By Justin Poublon
February 23, 2017 - 9:00 AM CST | 60 0
We are tracking a moderate impact snowstorm for northern Wisconsin starting overnight tonight and lasting into Saturday morning. We've named this storm "Bear" #wsBear for historical purposes. This system will have many faces to it; from the snow in the north, to freezing rain potential in the central/south, and rain/rumbles of thunder in the south/southeast. This storm is going to be fun and interesting!
6-12" of snow is expected across northern Wisconsin. The heaviest snow right now looks to fall from Eau Claire to Iron Mountain. Some uncertainty remains about how this system will translate east-ward across the state. Snow amounts could exceed 12" in the far west near the Mississippi river. The majority of snow will fall Friday afternoon through Saturday morning on the wrap-around as the storm system pulls away. I think everyone sees snow by mid-day Saturday, but only the only real impact across the north.
Freezing Rain & Sleet
- Preliminary ice accumulation map. This may change as we get more information.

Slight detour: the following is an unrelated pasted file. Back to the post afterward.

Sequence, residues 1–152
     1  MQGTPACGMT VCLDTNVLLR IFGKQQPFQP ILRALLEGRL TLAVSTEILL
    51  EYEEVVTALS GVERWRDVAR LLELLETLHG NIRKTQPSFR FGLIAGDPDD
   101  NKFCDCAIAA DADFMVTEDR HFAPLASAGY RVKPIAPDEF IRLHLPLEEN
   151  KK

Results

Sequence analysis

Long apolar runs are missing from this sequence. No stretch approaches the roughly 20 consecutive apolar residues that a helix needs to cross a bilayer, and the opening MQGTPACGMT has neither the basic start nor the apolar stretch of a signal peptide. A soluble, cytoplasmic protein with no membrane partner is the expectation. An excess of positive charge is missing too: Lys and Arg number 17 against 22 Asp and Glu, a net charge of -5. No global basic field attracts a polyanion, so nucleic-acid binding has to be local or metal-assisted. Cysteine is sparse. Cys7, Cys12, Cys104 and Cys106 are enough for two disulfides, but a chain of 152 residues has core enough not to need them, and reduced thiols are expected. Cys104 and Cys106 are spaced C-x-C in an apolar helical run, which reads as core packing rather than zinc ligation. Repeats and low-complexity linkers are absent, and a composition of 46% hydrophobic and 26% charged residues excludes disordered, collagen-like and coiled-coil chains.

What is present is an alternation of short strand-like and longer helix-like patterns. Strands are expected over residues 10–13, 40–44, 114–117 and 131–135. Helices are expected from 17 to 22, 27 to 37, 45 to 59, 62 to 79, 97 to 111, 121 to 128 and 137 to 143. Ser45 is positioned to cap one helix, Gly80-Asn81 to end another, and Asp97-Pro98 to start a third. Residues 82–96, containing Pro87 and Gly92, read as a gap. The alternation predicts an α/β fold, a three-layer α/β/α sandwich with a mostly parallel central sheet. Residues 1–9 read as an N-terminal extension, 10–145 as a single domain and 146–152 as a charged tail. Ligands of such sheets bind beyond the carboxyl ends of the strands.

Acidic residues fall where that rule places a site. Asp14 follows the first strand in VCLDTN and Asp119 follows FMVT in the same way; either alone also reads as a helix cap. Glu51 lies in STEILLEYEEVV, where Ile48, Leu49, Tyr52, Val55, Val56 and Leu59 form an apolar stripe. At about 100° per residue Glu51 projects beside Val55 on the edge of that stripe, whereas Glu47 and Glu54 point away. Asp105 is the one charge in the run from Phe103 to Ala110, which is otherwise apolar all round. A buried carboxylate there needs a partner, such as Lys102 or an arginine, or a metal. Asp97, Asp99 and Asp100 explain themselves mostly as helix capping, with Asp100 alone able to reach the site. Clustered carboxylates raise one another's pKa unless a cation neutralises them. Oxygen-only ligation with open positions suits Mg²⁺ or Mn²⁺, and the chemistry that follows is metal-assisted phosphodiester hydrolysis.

Concerns and uncertainty around where and how much freezing rain may fall during the day on Friday. This will depend on surface temperatures and a narrow layer of warm air at around 800mb. Conservative forecasts suggest generally less than 0.10" of ice accretion in southern/portions of central Wisconsin, but high-end estimates are up to 0.5"(NAM). We're on thin ice here.
Broad-brushing impacts right now, essentially hanging back for more information. Take a rubber band (relaxed), put it over your index fingers, and pull your hands apart. If you pull hard enough it just might snap. This forecast is that rubber band.
I'm concerned about ice accumulation during the day Friday but ground temperatures are warm. You could argue either way and feel this is a wait-and-see. QPF decreases from west to east across the state. I wonder how much of this has to do with occlusion or diversion (t-storms across Indiana)? Which aspect of this system is going to bust first? A surface low track through Chicago usually means heavy snow across central Wisconsin. We know the forecast will go wrong somewhere and I'm trying to stay ahead of that.
What precipitation type and how much will east-central Wisconsin get? We know this is likely to be a mixture. Is this where the biggest forecast bust will occur? Or will the bust be across northeast Wisconsin?